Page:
If you work in data center or cloud IT, you’ve heard a lot about containers in the past few years. If you work elsewhere in technology, you’ve probably started hearing the word bubble up in conversation quite a bit recently. Containers such as Docker have exploded in popularity and their impact on computing, particularly the cost of computing, should not be underestimated.
What is Docker?
Imagine you own a small hotel. Your hotel has a total of three rooms. The remaining space in the hotel consists of bathrooms and a kitchen, and is shared between the guests in each of the three rooms. Although all guests have a dedicated room, they have to share bathrooms and a kitchen with the other guests from the other rooms. Not surprisingly, guests frequently complain about this arrangement.
If we apply a computing example to our very strange hotel situation, a physical computer is the hotel, each guest room represents an application, and our shared kitchen and bathroom setup represents the computer’s libraries and frameworks. Each of the three applications in this computer use Ruby on Rails framework. Luckily, since it’s shared between each of the applications, there’s no problem. However, if application one needs Ruby on Rails version one, application two needs version two, application three needs version three, and the Ruby on Rails framework we have installed on the computer is version three, apps one and two won’t work.
This issue can be resolved quite easily. Traditionally, we would establish three different hotels, represented by physical or virtual machines, one for each guest room application, so that the correct Ruby on Rails framework could be coupled with the correct version its application requires. This has the potential of being a very expensive solution with lots of overhead introduced by replication.
Instead of the traditional approach, we could use the concept of containers. We would have one hotel, represented by a physical or virtual machine, and each room would have its own application, bathroom, and kitchen, containing the correct versions of supporting libraries and frameworks, completely independent of the other rooms. In addition, since each room has its own kitchen/bathroom combo, the original shared libraries and frameworks can be destroyed, making room for another application guest room. Further, since each guest room operates independently, that container could be copied and pasted very inexpensively into another hotel environment and will run in exactly the same way.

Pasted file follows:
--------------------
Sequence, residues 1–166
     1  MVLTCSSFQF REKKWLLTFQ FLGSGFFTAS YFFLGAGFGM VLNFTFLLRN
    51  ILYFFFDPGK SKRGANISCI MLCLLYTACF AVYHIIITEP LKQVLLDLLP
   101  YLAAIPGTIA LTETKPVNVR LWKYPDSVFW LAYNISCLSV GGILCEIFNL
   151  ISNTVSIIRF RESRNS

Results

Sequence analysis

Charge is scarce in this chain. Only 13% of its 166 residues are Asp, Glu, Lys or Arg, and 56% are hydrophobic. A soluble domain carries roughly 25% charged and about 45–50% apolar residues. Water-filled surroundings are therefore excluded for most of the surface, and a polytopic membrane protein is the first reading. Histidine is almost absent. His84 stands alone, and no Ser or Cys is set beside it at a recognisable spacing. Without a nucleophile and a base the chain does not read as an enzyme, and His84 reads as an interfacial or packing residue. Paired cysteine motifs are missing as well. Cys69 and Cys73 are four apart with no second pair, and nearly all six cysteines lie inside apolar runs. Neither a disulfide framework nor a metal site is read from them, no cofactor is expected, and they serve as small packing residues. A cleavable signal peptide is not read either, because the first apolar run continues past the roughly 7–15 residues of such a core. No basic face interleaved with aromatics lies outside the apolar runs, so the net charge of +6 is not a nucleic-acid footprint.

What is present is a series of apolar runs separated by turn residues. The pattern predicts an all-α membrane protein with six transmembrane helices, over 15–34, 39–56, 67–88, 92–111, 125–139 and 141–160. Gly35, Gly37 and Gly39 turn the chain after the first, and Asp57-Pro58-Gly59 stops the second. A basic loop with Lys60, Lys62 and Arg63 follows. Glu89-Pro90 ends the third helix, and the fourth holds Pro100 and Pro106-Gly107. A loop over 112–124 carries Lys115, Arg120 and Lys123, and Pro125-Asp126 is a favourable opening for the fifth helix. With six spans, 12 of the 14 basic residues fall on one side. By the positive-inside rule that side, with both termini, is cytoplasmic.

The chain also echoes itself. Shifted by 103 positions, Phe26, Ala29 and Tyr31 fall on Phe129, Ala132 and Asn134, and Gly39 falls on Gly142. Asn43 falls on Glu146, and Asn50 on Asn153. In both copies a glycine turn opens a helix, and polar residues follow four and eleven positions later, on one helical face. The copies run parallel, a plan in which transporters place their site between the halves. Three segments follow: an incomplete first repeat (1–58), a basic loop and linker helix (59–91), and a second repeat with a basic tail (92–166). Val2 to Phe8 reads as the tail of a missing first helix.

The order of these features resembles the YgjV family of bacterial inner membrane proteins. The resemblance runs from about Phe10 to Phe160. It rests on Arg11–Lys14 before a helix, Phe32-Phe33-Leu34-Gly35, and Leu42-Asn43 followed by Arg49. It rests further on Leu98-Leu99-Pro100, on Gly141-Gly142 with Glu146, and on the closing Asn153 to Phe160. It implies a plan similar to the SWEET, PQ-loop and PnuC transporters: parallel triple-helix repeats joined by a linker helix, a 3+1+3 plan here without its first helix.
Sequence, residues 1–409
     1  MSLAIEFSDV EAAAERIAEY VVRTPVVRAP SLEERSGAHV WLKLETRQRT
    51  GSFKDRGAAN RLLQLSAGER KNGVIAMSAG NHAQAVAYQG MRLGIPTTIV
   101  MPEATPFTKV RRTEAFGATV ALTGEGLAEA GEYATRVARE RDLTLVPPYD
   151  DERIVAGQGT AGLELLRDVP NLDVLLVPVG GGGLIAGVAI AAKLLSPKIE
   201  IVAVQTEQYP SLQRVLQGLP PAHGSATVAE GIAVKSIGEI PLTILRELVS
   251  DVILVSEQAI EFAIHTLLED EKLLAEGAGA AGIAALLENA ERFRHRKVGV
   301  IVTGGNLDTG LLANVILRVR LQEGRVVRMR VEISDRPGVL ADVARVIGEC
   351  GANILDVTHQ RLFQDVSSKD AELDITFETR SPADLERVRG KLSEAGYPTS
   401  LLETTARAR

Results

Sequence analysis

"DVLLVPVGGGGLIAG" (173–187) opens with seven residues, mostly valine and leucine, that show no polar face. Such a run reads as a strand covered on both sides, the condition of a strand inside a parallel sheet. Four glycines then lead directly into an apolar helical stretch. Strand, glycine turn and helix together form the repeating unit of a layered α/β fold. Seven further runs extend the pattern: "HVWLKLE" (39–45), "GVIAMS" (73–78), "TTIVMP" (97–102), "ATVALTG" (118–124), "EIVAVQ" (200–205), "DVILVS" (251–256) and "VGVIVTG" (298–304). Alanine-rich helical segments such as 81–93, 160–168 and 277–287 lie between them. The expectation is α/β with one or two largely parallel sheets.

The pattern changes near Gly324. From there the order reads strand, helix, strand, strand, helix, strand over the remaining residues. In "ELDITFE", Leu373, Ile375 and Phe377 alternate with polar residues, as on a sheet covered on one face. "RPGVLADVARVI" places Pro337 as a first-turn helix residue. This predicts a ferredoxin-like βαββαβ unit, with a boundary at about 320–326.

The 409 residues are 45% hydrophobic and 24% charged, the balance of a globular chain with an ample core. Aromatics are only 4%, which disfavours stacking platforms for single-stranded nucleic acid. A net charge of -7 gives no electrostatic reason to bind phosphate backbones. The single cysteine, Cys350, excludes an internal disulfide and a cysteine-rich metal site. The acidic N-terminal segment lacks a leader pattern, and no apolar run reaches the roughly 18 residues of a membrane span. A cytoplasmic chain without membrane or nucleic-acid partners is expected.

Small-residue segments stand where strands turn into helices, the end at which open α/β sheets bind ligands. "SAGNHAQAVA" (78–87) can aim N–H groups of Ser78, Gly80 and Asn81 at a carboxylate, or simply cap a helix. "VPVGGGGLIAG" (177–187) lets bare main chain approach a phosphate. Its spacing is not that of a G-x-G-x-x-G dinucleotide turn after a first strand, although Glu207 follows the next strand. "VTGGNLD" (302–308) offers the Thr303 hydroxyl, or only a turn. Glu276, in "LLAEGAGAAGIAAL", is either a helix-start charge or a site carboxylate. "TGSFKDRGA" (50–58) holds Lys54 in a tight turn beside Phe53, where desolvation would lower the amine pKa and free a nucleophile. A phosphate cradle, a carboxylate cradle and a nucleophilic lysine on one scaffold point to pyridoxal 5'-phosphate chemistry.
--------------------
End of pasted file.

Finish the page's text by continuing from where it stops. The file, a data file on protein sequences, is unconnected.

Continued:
What’s The Big Deal?
Containers like Docker ensure that applications and the environments they’re dependent upon can be modularized and placed anywhere. This concept decreases the potential for failures when moving development efforts from dev, to test, to staging, and to production. It also decreases the overhead required to run a multitude of environments on one machine, making virtualization easier and significantly less expensive than ever before.
Legacy systems and the infrastructure that houses them are costly. According to the US Department of Defense, in 2014, the average cost per hour to run the mainframe was sixteen times the per-hour cost to run a functionally equivalent Linux environment. As the face of technology continues to transform, services such as Docker will continue to drive the cost and complexity of modern computing environments down. In contrast, the cost and complexity of legacy computing environments is steadily on the rise. The diminishing pool of developers capable of maintaining it and the continued challenges with integrating it with the rest of the business will only act to steepen this rising cost trend.
It is important to take into account the opportunities lost, such as the ease and low cost of Docker, by kicking the legacy modernization can down the road.
Special thanks to Victor Dozal for the hotel analogy